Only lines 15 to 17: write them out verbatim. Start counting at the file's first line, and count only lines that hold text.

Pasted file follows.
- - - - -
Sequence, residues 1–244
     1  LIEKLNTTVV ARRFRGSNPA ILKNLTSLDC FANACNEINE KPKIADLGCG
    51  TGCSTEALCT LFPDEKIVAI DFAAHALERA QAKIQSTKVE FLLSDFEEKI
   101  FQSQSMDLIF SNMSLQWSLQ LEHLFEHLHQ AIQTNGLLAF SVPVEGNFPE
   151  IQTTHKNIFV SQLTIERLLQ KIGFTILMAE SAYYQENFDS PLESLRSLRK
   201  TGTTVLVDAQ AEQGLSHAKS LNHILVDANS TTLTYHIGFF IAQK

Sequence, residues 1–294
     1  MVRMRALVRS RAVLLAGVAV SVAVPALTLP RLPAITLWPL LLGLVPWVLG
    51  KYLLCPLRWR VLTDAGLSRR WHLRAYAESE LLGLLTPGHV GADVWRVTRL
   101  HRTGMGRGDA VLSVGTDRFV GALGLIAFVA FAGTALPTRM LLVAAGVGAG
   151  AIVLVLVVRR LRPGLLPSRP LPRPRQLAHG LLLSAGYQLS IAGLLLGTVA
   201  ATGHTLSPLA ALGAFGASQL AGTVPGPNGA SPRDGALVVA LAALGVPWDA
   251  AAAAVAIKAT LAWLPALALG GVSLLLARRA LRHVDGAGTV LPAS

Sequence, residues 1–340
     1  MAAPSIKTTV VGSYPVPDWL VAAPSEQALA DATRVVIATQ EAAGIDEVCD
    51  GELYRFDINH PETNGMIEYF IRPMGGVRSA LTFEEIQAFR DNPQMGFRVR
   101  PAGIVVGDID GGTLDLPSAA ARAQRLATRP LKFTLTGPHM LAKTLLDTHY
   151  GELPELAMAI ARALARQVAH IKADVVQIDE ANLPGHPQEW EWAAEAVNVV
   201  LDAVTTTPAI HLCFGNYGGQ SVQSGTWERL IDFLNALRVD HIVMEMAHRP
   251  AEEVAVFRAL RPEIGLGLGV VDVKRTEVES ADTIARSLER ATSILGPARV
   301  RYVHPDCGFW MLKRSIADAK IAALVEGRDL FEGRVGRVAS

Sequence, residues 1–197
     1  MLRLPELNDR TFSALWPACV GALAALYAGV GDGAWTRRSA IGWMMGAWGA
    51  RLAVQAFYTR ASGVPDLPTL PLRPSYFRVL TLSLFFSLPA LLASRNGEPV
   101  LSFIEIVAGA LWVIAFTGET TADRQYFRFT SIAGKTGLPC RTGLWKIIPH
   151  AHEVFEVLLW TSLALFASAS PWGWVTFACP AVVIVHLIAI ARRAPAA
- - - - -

     1  MAAPSIKTTV VGSYPVPDWL VAAPSEQALA DATRVVIATQ EAAGIDEVCD
    51  GELYRFDINH PETNGMIEYF IRPMGGVRSA LTFEEIQAFR DNPQMGFRVR
   101  PAGIVVGDID GGTLDLPSAA ARAQRLATRP LKFTLTGPHM LAKTLLDTHY